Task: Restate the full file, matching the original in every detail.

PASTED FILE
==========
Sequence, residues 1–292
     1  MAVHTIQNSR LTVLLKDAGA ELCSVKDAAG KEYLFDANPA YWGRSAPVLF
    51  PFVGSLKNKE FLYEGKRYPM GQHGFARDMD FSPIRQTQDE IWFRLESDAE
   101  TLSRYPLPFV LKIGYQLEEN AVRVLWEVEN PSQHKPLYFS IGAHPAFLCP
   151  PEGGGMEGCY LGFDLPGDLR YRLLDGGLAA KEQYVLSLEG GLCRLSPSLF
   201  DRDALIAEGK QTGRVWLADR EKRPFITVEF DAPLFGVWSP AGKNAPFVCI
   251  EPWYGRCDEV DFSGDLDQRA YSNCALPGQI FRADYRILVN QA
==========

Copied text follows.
Sequence, residues 1–292
     1  MAVHTIQNSR LTVLLKDAGA ELCSVKDAAG KEYLFDANPA YWGRSAPVLF
    51  PFVGSLKNKE FLYEGKRYPM GQHGFARDMD FSPIRQTQDE IWFRLESDAE
   101  TLSRYPLPFV LKIGYQLEEN AVRVLWEVEN PSQHKPLYFS IGAHPAFLCP
   151  PEGGGMEGCY LGFDLPGDLR YRLLDGGLAA KEQYVLSLEG GLCRLSPSLF
   201  DRDALIAEGK QTGRVWLADR EKRPFITVEF DAPLFGVWSP AGKNAPFVCI
   251  EPWYGRCDEV DFSGDLDQRA YSNCALPGQI FRADYRILVN QA